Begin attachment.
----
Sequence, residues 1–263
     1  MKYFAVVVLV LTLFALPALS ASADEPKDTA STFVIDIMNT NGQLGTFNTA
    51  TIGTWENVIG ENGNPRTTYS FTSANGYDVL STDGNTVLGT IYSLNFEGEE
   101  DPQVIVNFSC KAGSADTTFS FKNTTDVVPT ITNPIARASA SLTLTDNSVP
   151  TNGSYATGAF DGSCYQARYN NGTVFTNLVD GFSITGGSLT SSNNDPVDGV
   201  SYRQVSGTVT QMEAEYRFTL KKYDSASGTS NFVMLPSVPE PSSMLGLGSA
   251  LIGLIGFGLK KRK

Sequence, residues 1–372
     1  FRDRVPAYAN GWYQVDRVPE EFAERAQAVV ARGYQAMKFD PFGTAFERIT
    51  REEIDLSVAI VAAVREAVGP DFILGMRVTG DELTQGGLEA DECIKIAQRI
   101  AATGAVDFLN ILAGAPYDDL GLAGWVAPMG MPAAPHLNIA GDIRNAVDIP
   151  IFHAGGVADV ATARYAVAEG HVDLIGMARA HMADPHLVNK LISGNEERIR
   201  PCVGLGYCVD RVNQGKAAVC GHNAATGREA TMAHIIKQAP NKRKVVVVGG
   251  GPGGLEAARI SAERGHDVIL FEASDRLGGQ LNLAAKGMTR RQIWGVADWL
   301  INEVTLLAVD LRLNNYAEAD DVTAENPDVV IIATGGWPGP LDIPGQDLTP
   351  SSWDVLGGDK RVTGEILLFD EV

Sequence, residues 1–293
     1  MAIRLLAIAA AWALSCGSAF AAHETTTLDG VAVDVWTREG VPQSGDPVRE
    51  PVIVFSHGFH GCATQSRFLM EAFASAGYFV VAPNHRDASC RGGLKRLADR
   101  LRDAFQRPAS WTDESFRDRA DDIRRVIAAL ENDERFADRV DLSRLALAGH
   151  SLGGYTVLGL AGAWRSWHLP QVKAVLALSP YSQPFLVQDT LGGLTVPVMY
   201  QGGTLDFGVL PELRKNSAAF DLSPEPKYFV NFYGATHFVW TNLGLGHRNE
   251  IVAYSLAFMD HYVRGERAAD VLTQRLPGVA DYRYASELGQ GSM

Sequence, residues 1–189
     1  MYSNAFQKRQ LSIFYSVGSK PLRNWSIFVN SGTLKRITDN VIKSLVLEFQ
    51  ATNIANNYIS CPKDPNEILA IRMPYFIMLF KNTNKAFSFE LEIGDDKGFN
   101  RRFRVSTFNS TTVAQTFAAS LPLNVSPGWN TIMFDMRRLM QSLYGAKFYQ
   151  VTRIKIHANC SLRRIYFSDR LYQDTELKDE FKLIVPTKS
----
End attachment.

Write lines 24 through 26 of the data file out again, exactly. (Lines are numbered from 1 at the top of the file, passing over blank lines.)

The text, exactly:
Sequence, residues 1–189
     1  MYSNAFQKRQ LSIFYSVGSK PLRNWSIFVN SGTLKRITDN VIKSLVLEFQ
    51  ATNIANNYIS CPKDPNEILA IRMPYFIMLF KNTNKAFSFE LEIGDDKGFN